the_lest
Aug. 19th, 2008 10:59 am (UTC)
I didn't know about this... thanks for the link! *bookmarks*
lilenth
Aug. 20th, 2008 04:16 pm (UTC)

Actually I think there's a similar US law, but it's only for large resales ie over something like 5 thousand dollars. Most of those laws on apply to resales far above what most artwork goes for now anyway.
the_lest
Aug. 19th, 2008 10:58 am (UTC)
Look at it this way. If you went into a comic store and bought, say, a Spider-man comic, you aren't buying Spider-Man himself, and you don't own the rights to the comic. You're just buying the prints, and if you want to sell that comic later on, there's nothing to stop you from doing so. The store that sells the comics don't own the rights either. This is basically the same principle. :)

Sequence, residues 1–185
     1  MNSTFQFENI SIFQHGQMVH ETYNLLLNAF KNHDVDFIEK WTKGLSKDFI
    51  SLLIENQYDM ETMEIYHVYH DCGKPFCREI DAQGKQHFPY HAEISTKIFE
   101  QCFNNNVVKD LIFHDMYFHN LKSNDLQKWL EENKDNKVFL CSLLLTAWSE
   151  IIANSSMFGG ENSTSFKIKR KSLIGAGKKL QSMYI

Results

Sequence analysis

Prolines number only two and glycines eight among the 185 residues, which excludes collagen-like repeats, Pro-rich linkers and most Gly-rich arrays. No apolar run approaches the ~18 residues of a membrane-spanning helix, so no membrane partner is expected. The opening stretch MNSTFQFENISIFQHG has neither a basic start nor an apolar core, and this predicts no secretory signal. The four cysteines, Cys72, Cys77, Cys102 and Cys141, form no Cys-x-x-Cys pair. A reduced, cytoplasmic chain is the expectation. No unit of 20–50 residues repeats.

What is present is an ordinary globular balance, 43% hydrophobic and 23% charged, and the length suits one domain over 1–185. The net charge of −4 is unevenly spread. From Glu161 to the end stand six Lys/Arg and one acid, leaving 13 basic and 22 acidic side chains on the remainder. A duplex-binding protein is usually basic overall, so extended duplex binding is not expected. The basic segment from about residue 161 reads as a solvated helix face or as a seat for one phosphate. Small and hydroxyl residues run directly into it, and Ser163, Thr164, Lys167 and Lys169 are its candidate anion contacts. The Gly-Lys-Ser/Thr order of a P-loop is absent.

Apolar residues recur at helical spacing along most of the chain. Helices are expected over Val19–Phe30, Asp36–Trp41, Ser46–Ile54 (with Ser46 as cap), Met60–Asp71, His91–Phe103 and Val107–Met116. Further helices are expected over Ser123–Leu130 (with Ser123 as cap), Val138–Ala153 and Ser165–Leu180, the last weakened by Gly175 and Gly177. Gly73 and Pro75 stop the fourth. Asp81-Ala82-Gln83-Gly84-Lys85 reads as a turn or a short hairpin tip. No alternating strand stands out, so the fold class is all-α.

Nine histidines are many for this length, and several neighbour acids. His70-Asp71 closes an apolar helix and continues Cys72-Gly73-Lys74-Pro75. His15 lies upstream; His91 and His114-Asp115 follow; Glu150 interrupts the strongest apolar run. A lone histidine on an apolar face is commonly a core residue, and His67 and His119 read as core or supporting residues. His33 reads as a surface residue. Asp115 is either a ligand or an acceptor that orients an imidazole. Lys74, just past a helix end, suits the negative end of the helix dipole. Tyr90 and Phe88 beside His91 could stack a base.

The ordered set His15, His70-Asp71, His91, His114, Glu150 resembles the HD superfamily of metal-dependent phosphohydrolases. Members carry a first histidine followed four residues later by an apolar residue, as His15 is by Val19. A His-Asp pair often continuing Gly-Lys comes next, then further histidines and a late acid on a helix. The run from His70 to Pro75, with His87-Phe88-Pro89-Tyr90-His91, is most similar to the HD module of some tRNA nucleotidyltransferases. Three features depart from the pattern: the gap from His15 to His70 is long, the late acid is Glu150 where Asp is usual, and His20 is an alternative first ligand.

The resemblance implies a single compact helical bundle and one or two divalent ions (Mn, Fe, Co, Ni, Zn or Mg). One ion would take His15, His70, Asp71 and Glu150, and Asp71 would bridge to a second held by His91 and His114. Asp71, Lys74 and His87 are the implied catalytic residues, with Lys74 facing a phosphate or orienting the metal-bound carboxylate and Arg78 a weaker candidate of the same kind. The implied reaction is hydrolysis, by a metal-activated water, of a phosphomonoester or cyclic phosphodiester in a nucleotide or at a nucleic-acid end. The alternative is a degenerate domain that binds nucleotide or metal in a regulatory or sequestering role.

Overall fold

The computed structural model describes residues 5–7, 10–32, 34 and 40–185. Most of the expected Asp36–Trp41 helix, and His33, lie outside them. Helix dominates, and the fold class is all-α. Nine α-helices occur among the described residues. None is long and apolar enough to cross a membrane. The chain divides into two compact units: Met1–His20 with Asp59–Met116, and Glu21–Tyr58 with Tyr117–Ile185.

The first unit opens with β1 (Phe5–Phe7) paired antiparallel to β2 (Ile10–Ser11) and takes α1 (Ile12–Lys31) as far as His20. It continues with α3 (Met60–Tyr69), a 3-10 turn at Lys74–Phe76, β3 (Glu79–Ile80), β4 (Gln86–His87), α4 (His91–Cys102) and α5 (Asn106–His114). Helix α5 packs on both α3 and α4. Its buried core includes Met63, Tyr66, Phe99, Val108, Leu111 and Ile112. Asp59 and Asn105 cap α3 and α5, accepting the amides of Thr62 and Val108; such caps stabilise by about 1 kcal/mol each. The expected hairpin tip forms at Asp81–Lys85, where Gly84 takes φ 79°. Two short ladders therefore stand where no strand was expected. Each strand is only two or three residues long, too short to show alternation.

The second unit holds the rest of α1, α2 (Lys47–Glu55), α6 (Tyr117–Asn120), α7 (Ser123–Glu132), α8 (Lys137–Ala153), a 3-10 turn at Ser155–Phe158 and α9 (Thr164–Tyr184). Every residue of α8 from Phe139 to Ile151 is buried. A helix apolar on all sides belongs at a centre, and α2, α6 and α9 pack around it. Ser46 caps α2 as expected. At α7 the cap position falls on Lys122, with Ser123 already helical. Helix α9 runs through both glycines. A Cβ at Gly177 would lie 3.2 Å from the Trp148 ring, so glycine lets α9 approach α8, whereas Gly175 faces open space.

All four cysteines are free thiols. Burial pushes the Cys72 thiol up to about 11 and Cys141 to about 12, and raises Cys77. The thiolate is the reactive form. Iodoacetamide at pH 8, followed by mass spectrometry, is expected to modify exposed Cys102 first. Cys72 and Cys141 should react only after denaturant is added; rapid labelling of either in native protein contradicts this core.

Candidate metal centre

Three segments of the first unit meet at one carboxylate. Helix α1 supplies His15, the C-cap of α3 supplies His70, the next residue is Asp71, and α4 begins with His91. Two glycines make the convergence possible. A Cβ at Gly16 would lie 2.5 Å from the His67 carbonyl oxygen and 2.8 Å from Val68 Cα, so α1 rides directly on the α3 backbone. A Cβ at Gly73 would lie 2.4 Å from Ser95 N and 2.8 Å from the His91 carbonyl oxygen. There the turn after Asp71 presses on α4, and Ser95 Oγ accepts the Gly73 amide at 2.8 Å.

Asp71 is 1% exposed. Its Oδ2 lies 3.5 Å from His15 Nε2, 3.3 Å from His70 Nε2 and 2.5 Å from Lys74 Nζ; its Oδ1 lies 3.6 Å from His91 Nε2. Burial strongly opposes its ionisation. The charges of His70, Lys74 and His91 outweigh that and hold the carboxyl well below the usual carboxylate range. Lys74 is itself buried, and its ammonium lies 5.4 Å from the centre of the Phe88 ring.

Personally, I would make scans of the pictures first, possibly collecting them all onto one digital "page" for my own viewing pleasure and in case any of the artists wants to see their work later down the line, but you don't have to do that...
hbruton
Aug. 19th, 2008 02:22 pm (UTC)
You have ever right to resell original art for your own profit much less for a deserving charity. I think it's a way, way cool thing to do!
sergeant
Sep. 8th, 2008 05:21 pm (UTC)
It's no different than someone buying an original piece in some expensive art gallery and then later reselling or auctioning it off for profit or otherwise. The *problem* comes in when if you try to make copies of the original and sell it for profit.
( 14 comments — Leave a comment )